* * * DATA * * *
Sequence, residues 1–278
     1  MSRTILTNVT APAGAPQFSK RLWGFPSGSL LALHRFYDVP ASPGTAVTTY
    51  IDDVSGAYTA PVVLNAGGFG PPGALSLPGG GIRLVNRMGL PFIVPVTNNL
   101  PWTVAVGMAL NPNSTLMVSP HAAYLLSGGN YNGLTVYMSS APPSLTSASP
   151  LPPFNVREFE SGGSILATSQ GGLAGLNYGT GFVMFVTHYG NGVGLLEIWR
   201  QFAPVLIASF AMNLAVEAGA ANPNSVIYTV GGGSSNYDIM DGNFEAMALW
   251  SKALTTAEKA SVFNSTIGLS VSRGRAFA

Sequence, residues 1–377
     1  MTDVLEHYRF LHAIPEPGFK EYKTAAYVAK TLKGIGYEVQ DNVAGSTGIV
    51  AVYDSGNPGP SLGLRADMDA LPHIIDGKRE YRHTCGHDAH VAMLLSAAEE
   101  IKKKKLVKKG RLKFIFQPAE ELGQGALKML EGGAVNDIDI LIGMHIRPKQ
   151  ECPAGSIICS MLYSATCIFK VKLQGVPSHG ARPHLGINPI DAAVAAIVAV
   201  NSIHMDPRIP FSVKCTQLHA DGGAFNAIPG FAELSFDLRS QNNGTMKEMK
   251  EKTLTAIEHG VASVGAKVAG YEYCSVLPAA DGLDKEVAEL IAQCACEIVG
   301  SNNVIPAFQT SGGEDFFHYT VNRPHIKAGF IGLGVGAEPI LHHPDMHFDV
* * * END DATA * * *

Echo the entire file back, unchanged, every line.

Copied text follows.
Sequence, residues 1–278
     1  MSRTILTNVT APAGAPQFSK RLWGFPSGSL LALHRFYDVP ASPGTAVTTY
    51  IDDVSGAYTA PVVLNAGGFG PPGALSLPGG GIRLVNRMGL PFIVPVTNNL
   101  PWTVAVGMAL NPNSTLMVSP HAAYLLSGGN YNGLTVYMSS APPSLTSASP
   151  LPPFNVREFE SGGSILATSQ GGLAGLNYGT GFVMFVTHYG NGVGLLEIWR
   201  QFAPVLIASF AMNLAVEAGA ANPNSVIYTV GGGSSNYDIM DGNFEAMALW
   251  SKALTTAEKA SVFNSTIGLS VSRGRAFA

Sequence, residues 1–377
     1  MTDVLEHYRF LHAIPEPGFK EYKTAAYVAK TLKGIGYEVQ DNVAGSTGIV
    51  AVYDSGNPGP SLGLRADMDA LPHIIDGKRE YRHTCGHDAH VAMLLSAAEE
   101  IKKKKLVKKG RLKFIFQPAE ELGQGALKML EGGAVNDIDI LIGMHIRPKQ
   151  ECPAGSIICS MLYSATCIFK VKLQGVPSHG ARPHLGINPI DAAVAAIVAV
   201  NSIHMDPRIP FSVKCTQLHA DGGAFNAIPG FAELSFDLRS QNNGTMKEMK
   251  EKTLTAIEHG VASVGAKVAG YEYCSVLPAA DGLDKEVAEL IAQCACEIVG
   301  SNNVIPAFQT SGGEDFFHYT VNRPHIKAGF IGLGVGAEPI LHHPDMHFDV